So is Lockwood trying to have it both ways -- a mixture of highbrow technique and middlebrow cultural appeal? Or is that even a relevant question? It may not matter. She just waves that chromium wand and distills all that she surveys into the glossiest depictions of exotically machined metal imaginable. Sometimes their allure is as straight up as an illustration out of a book or magazine, but at other times the imagery is almost abstract as Lockwood zeroes in on reflections within reflections, the gloss of mirror-polished enamel reflected in convoluted chrome.
An example of the former approach is seen in Gold Digger, a dreamy view of an ultra-sleek custom motorcycle that appears to rise like an apparition from a spit of land surrounded by swamp. Here the painting simply offers a view, as if through a window, of its fantastical subject. But Porsche And Palms -- an image of a Porsche so distorted in the reflections of another car that it's as convoluted as one of Salvador Dali's melting timepieces -- is ultra abstract. A happy medium is seen in Vette On Vette in which the sleek yellow form of a Stingray-type Corvette appears reflected on the polished cobalt flanks of a classic late 1950s Corvette -- a vision as exalted for a car freak as a Faberg Easter egg must be for a jewelry buff. Philosophers can debate the fine points of what it all means, but what's beyond dispute is Lockwood's ability to recreate in oils that reflective chrome sizzle --Êthe mystique of elaborately machined metal, the aura of speed and the visceral excitement it conveys.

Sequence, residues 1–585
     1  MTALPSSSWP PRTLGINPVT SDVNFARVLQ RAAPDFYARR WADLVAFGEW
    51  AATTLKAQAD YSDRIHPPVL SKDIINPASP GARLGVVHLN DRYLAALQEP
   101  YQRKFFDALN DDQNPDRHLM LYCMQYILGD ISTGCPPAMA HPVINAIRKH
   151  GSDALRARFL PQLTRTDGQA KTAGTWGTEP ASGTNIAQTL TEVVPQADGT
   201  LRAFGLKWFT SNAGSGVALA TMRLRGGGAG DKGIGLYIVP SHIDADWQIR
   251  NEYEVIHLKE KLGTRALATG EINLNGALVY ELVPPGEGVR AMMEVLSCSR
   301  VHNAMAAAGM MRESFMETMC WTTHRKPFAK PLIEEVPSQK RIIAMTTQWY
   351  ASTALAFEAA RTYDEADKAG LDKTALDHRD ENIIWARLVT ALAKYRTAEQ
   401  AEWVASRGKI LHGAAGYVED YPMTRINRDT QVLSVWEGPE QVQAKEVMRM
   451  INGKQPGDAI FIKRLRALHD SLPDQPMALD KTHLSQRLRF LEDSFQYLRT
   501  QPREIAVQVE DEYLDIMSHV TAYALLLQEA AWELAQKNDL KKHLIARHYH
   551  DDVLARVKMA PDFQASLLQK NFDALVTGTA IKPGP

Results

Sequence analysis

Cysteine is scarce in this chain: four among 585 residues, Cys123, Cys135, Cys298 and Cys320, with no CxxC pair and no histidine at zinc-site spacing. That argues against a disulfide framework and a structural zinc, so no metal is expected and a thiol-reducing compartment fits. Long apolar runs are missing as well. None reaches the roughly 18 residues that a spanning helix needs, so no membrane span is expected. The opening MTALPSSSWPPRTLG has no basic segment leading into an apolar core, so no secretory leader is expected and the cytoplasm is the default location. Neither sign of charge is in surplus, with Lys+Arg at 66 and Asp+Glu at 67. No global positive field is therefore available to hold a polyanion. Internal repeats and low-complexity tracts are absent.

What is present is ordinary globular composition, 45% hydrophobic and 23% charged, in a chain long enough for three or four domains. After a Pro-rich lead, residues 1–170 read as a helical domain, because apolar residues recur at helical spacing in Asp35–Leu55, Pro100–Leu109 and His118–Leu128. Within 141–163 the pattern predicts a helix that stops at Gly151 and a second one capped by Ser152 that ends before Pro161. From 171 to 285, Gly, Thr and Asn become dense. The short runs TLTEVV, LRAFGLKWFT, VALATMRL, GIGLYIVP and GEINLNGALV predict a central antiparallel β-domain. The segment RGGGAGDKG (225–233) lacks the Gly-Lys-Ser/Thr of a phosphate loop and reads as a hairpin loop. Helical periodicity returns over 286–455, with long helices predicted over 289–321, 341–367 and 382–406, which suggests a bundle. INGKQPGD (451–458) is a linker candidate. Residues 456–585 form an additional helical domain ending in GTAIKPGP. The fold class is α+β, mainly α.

Turning our gaze from Lockwood's photographic paintings to Julie Dermansky's photographs of hand-painted signs is like traveling from the fantasies of the Western world to the far more prosaic -- yet somehow no less fantastic -- dreams of Africa and Asia. The imagery is very, very different. Modest in scale and execution, Dermansky's documentary images might almost be in the social landscape tradition of someone like Walker Evans if not for their exotic locales. Most were photographed on the streets of Rwanda, Vietnam, Cambodia and other remote places where the unvarnished directness of visual communication is sometimes startling. Some are also outposts of "dark tourism" due to their histories of genocide and other unfortunate occurrences.
Trust Butchery is the name of a tiny butcher shop in Kigali, Rwanda. The shop looks a little worse for wear -- years of genocide by machete were hard on the Rwandan infrastructure -- but the name comes across as high irony. Another painted sign depicts a young woman missing her front teeth, while above her, in a cartoon bubble, is a set of perfectly intact teeth. Similarly, a sign for a Vietnamese dentist office displays an otherwise ordinary woman's face with a cut-away view of a skeletal cross-section of a jaw and teeth, and while it's clear Western marketing techniques have yet to penetrate some parts of the world, no one could accuse these professionals of lacking candor or attempting to falsely glamorize their occupations. A refreshingly surreal series of images.